An Inland Empire sheriff’s department has used a high-tech device for the past seven years that enables the agency to collect data on private cell phone calls in targeted areas.
The San Bernardino County Sheriff’s Department has been using the device, called an international mobile subscriber identity (IMSI) locator, since 2006 and won approval to buy an updated model, at a cost of $429,613, in December 2012, county documents show.
Sold under the brand name of Stingray, the locator device is a suitcase-sized piece of hardware manufactured exclusively by Florida-based Harris Corp. Typically installed in a vehicle so it can be moved easily into any area, the device masquerades as a cell tower, tricking all nearby cell phones to hook up to it and feed data to law enforcement or other security personnel.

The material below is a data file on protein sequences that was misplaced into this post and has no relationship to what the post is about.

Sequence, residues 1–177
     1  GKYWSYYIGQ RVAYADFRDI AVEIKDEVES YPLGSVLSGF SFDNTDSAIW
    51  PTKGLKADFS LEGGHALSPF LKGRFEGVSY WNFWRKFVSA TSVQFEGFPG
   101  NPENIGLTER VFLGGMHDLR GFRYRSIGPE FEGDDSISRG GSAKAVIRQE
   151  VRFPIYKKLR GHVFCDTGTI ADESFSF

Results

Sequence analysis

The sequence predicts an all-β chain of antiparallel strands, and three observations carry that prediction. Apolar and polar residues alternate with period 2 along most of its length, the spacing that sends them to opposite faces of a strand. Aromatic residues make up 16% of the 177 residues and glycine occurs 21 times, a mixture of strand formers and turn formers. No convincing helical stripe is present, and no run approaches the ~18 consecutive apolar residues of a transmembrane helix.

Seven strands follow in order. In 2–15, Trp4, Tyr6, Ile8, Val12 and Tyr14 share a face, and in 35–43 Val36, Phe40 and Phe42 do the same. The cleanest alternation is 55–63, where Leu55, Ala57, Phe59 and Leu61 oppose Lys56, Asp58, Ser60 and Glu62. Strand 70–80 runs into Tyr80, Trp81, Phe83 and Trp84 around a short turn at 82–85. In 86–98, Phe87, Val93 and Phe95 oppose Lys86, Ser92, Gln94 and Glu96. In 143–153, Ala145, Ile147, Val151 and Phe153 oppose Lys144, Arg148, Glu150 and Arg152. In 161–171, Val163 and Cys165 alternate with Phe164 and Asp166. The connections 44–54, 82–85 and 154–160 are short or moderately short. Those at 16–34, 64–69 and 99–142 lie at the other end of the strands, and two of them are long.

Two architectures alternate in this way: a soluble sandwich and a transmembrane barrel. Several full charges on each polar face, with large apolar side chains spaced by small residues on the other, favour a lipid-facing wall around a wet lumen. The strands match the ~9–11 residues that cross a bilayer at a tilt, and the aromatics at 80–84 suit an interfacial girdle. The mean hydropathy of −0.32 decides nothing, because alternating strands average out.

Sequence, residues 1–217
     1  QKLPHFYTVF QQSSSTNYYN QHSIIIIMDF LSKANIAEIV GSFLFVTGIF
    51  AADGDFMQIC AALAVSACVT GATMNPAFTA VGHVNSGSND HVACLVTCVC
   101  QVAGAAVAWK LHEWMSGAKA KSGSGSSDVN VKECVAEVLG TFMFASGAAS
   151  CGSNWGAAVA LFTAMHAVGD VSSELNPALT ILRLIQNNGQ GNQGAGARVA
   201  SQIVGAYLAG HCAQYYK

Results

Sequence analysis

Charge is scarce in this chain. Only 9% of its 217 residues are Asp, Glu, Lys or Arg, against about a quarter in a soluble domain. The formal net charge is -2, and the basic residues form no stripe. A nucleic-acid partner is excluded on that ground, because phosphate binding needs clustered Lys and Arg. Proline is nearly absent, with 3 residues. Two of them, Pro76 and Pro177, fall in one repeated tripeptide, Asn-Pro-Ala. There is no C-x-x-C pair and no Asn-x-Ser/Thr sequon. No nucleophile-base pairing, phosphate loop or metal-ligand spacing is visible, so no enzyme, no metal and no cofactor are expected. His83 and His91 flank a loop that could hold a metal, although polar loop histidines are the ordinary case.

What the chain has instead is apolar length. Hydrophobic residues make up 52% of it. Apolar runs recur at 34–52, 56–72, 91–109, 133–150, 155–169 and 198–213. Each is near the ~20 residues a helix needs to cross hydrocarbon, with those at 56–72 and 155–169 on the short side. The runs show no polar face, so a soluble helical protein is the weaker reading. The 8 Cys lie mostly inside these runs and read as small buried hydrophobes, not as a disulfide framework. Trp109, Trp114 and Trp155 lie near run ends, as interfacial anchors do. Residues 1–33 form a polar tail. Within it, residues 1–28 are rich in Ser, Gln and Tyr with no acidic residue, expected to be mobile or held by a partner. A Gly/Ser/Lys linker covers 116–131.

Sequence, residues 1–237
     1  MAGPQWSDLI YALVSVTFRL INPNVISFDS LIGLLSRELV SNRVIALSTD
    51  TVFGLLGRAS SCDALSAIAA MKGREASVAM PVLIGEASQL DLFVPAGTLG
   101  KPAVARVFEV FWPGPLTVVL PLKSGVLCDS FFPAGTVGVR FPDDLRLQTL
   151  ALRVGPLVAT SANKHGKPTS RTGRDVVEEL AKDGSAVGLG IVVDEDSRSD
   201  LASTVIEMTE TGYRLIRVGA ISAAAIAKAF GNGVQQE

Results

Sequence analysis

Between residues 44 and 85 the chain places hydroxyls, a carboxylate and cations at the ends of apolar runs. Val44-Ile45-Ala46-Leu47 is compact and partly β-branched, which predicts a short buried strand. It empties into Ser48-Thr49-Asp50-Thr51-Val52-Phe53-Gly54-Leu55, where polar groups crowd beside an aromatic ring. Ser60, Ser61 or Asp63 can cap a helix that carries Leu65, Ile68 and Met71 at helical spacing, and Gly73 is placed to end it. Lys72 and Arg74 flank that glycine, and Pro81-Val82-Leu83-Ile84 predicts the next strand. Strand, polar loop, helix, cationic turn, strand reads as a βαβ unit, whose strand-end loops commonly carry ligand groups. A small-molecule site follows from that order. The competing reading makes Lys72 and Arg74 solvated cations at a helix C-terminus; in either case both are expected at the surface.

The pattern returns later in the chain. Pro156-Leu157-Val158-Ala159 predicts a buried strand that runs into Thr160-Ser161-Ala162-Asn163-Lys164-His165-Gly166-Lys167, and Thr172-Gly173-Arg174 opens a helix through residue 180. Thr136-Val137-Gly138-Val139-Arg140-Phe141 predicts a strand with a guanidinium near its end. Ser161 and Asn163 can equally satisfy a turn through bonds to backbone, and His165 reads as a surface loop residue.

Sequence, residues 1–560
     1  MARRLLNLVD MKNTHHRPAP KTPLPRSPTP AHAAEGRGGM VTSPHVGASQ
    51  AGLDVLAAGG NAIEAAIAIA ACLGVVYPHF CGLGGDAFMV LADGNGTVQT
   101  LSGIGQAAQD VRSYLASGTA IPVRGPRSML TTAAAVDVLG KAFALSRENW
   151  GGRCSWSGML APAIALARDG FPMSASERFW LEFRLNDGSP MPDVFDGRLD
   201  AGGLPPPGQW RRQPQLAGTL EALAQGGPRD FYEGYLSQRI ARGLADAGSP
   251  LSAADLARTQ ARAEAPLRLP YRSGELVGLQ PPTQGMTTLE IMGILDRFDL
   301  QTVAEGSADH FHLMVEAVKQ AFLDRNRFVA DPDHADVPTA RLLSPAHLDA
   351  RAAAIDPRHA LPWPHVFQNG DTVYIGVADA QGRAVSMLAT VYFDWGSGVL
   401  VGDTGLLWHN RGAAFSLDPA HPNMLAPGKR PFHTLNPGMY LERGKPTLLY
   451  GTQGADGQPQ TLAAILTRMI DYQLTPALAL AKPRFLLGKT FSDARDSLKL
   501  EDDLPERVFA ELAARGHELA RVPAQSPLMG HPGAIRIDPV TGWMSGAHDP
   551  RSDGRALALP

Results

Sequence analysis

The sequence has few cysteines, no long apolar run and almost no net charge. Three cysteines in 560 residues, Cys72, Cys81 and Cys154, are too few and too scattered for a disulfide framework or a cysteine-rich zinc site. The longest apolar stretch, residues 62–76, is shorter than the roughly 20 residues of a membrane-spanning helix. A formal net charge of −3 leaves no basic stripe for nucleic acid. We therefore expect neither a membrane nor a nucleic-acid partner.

The San Bernardino County Sheriff’s Inland Regional Narcotics Enforcement Team would use the wireless receiving system, as it is referred to in a Dec. 18, 2012, staff report, “to combat major narcotics and money laundering operations.”
“The system can also be used to locate suspects, victims, and for search/rescue operations. The new system provides dramatic increases in speed, accuracy, and data retrieval,” the report added.
That brief description is the only technical information on the device contained in the one-page staff report provided to the county Board of Supervisors before that December 2012 vote to approve the purchase. The report was Item 8...